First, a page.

The only foes that threaten America are the enemies at home, and those are ignorance, superstition, and incompetence. [Elbert Hubbard]

            by pelagicray on Mon Jan 28, 2013 at 12:09:00 AM PST

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            •  No, yours is (1+ / 0-)
              Recommended by:
              nextstep

              The head of state in Britain in most ways that matter is the prime minister. The Queen or King has little real power, just a figurehead.

              (-5.50,-6.67): Left Libertarian
              Leadership doesn't mean taking a straw poll and then just throwing up your hands. -Jyrinx

              by Sparhawk on Mon Jan 28, 2013 at 03:24:19 AM PST

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              •  Wrong Answer. The parlimentary system separates (0+ / 0-)

                "head of state" from political. One advantage is the HOS, the sort of embodied flag, is focus of that national pride stuff while the legislative power, the prime minister, can be booted without some of the trauma we and others with both features wrapped in one body seem to face.

                That is the practical reality and the HOS for such countries is most definitely the monarch or elected official serving the function of HOS. By the way, on visiting, those prime ministers do not get the 21 gun salutes their HOS would, so you are just making excuses.

                The only foes that threaten America are the enemies at home, and those are ignorance, superstition, and incompetence. [Elbert Hubbard]

                by pelagicray on Mon Jan 28, 2013 at 07:31:42 AM PST

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                •  Yes (1+ / 0-)
                  Recommended by:
                  nextstep

                  And in all cases, neither the monarch nor the Prime Minister is directly elected, which is what we are discussing here. Why you continue to muddy the waters with trivial irrelevancies is a mystery to me.

                  (-5.50,-6.67): Left Libertarian
                  Leadership doesn't mean taking a straw poll and then just throwing up your hands. -Jyrinx

                  by Sparhawk on Mon Jan 28, 2013 at 08:02:52 AM PST

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                  •  Because you mixed apples and oranges, with an (0+ / 0-)

                    error, at the start?

                    The particular problem of mixing both Head of State and elected political leader in systems such as ours is a recognized issue if you do your research. The pro is that our system, with a fixed term for both, provides stability. The con is that we are often stuck with either a completely ineffective or sometimes a corrupt political head for that reason and the reluctance of much of our population to see the embodiment of the State subject of "regicide." Yes, that is a foolish view, but a known factor in our extreme reluctance to use the impeachment process when rather well deserved.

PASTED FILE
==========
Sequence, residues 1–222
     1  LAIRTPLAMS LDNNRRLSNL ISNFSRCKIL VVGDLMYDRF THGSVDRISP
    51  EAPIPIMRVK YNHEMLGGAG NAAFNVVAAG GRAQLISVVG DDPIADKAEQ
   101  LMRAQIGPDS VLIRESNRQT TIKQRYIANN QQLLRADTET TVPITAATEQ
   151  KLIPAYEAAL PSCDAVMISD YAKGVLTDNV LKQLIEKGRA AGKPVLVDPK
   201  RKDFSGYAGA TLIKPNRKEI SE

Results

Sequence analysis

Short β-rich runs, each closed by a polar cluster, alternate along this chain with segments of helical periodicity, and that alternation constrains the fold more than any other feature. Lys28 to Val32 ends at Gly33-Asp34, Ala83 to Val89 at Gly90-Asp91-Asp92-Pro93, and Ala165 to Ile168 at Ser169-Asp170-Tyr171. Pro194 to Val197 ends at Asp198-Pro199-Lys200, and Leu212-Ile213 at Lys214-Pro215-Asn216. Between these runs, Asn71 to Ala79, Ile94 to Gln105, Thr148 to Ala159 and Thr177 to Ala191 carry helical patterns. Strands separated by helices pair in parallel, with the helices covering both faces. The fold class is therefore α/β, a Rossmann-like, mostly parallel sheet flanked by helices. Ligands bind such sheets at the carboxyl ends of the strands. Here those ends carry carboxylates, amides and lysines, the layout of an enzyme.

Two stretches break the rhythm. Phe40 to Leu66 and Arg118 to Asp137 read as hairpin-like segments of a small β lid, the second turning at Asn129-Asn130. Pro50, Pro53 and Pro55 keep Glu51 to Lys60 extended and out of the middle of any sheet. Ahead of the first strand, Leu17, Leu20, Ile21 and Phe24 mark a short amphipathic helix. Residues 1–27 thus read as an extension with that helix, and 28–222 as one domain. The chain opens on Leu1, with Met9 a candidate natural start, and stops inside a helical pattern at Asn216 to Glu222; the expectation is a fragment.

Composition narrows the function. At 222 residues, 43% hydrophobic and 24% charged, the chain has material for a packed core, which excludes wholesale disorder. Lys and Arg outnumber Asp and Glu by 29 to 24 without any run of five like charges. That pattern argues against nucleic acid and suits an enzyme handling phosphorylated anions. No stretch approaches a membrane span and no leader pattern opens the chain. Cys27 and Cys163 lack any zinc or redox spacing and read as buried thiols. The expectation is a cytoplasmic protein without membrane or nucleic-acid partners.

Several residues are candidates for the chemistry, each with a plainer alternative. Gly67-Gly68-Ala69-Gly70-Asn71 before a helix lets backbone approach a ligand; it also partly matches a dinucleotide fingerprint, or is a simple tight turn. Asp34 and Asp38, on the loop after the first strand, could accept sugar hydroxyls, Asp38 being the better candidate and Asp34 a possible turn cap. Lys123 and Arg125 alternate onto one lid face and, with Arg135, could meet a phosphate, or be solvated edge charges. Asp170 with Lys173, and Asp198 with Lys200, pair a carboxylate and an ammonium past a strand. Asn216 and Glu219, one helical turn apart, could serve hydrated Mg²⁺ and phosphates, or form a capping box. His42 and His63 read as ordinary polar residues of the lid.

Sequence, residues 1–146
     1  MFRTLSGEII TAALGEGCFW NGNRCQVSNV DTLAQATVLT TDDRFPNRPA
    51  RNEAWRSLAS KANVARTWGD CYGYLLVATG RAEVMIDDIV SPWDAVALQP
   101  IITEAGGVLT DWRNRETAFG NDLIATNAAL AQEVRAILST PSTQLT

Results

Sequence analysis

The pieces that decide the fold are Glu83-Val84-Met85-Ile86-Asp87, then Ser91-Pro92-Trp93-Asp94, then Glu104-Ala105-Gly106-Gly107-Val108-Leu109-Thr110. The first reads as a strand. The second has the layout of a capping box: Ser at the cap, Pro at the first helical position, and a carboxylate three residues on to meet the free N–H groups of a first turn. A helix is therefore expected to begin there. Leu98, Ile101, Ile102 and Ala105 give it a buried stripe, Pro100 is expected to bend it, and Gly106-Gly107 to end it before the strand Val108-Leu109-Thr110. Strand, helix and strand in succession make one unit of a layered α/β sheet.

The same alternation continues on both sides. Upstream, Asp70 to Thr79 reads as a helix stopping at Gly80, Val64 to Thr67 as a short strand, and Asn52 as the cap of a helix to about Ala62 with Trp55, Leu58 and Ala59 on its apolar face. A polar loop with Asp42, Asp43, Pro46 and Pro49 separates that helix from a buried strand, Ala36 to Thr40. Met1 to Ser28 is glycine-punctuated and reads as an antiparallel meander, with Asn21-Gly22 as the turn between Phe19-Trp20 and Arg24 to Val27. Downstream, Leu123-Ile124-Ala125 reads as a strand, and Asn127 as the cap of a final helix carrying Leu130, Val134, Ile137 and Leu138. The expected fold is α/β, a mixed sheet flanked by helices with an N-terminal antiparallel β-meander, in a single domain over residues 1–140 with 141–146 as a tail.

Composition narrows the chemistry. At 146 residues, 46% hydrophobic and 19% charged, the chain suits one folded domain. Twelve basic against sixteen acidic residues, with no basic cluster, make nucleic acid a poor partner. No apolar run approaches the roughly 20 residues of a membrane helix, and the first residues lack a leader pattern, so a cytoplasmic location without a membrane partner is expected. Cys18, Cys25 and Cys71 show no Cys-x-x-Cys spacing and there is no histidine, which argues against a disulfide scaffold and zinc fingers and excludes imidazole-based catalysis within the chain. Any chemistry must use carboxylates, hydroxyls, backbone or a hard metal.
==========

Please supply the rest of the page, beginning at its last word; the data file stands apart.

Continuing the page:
Enough. If you don't want to do some self education on the issues of the systems, the pros and cons and the factual blunder of including Britain in the first instance that is your problem.

                    The only foes that threaten America are the enemies at home, and those are ignorance, superstition, and incompetence. [Elbert Hubbard]

                    by pelagicray on Mon Jan 28, 2013 at 09:07:39 AM PST

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      •  Here's what's "supposed" to happen: (1+ / 0-)
        Recommended by:
        ranton

        One person, one vote. You talk about states like they're people too.  To hell with the individual voter, huh?

        "A typical vice of American politics is the avoidance of saying anything real on real issues." Theodore Roosevelt.

        by StellaRay on Sun Jan 27, 2013 at 04:55:49 PM PST

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        •  No, what is "supposed" to happen is the state (1+ / 0-)
          Recommended by:
          nextstep

          legislature is supposed to select the electors.  The fact that they are chosen by popular vote is just a quirk of history, nothing more.

          You have watched Faux News, now lose 2d10 SAN.

          by Throw The Bums Out on Sun Jan 27, 2013 at 05:18:44 PM PST

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          •  Sorry, but... (1+ / 0-)
            Recommended by:
            Sparhawk

            This country was founded on the idea that it is a republic made up of states.  No other nation (to my knowledge) puts stars or markers on their flag for each province in their country.  The individual states (and their "rights", though that term was later used as code) were considered to be sacrosanct by the founders.

            The reality is that voters in California and Mississippi have different values and different ways of life, and the entire structure of the nation was setup so that neither could tell the other how to live.